Bombs went off on trains around Atocha station. / AFP

11 March 2004: Ten bombs that left 192 dead and almost 2,000 injured

The deadly 11-M terrorist attacks on Madrid trains eighteen years ago had major political fallout, contributing to PM Aznar's defeat in the 2004 elections

LILY FARRANT

The Madrid train bombings on 11 March 2004, also known as 11-M, were the deadliest terrorist attack in the history of Spain, and one of the worst in Europe since the Second World War. Beginning at 7.37am, 10 bombs went off on trains around Atocha station in the capital, leaving 192 dead and almost 2,000 injured.

11 March has since been established as the European Day of Remembrance of Victims of Terrorism.

The impact of the attacks was profound: an estimated 11 million people rallied around Spain the next day to demonstrate their defiance and grief. But there were also political consequences to the tragedy, which happened just three days before the national elections were due to take place.

Immediately after the bombings, Prime Minister José María Aznar of the Partido Popular (PP) blamed ETA, a Basque group who used terrorist tactics in their campaign for an indepedent Basque state.

Although evidence quickly arose that the attacks were linked to Al-Qaeda, Aznar continued to point the finger at ETA. The opposition, the Partido Socialisa Obrero Español (PSOE) claimed that Aznar's government were trying to cover up the fact that the bombings were a consequence of their unpopular involvement in the 2003 US-led invasion of Iraq.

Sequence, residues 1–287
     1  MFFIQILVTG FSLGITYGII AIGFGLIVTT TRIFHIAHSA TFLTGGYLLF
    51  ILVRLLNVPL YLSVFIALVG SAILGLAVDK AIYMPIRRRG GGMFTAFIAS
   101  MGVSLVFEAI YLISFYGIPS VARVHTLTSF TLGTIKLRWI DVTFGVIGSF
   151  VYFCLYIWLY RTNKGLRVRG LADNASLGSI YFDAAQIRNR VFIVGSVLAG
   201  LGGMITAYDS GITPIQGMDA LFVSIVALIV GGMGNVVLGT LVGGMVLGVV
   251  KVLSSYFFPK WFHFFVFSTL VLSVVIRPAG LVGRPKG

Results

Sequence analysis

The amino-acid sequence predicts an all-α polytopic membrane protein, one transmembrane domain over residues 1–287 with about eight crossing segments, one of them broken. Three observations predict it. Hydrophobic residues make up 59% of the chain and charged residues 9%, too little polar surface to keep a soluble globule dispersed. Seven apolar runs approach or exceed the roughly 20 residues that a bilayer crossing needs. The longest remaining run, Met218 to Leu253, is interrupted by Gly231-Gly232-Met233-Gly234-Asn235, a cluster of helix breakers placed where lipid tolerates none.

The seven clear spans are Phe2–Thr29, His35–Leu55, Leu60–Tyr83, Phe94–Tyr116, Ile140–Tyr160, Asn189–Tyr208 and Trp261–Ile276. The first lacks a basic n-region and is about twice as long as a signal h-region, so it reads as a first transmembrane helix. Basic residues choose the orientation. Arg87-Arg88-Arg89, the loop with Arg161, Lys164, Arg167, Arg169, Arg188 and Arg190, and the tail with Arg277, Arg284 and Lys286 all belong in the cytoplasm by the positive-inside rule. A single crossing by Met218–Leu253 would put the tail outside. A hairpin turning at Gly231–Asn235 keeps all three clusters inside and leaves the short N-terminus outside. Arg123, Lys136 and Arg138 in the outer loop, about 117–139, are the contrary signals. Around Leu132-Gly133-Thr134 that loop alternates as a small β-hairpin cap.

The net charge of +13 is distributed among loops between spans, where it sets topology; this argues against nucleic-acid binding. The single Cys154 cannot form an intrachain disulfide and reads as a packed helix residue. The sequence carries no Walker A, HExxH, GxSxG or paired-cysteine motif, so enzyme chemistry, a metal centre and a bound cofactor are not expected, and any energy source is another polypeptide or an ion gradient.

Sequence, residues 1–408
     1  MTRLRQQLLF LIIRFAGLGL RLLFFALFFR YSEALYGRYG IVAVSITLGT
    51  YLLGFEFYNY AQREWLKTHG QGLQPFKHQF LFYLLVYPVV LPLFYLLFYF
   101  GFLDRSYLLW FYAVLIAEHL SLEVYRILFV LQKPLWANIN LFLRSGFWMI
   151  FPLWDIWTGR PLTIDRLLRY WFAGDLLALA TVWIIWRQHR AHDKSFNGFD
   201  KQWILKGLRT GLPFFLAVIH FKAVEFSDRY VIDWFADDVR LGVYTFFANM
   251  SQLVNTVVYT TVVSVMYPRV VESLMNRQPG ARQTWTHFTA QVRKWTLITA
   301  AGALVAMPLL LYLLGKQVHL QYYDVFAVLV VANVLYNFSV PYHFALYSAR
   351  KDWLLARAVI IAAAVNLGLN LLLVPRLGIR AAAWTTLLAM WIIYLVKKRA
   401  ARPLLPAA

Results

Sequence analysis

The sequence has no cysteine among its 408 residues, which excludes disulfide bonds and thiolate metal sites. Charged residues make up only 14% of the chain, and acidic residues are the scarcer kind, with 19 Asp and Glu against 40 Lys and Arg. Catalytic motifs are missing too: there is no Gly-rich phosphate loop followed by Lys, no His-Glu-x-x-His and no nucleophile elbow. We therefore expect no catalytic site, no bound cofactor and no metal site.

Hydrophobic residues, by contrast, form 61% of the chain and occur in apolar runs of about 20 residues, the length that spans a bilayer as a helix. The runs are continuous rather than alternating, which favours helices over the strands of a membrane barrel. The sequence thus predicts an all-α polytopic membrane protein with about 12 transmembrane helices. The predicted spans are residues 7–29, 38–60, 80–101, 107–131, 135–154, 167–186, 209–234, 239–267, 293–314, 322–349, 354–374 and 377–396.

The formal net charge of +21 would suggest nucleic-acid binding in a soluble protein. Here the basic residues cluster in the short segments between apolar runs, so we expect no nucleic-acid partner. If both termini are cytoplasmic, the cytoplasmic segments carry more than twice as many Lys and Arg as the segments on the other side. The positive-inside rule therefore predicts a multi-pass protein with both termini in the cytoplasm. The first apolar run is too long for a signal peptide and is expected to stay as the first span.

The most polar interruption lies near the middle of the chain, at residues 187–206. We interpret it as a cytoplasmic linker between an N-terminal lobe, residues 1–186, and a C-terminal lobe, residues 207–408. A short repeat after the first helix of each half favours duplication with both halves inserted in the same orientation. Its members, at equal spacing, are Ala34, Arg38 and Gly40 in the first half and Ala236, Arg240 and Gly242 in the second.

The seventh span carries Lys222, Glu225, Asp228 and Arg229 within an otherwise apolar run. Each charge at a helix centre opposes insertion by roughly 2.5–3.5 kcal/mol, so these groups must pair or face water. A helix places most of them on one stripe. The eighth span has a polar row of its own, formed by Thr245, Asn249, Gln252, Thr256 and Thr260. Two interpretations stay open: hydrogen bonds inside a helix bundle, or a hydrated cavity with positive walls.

The uncertainty led to widespread protests, with people demanding to know the truth about the attacks before they voted. In the end, the PP lost power, and the PSOE took over. It is believed that Aznar's handling of information after the attack contributed massively to his defeat in those elections.

ETA denied any involvement in the attacks, which used different methods to theirs, given that they tended to include some sort of warning beforehand.

The types of explosives used were associated with Al-Qaeda, who released a video claiming responsibility a few days after the event. In April 2006, 29 people were charged for their involvement in the attacks.

However, to this day there are still some people who believe that ETA played some part, although evidence is scarce.

A monument engraved with the names of the victims and messages written by the people of Madrid stands alongside Atocha station.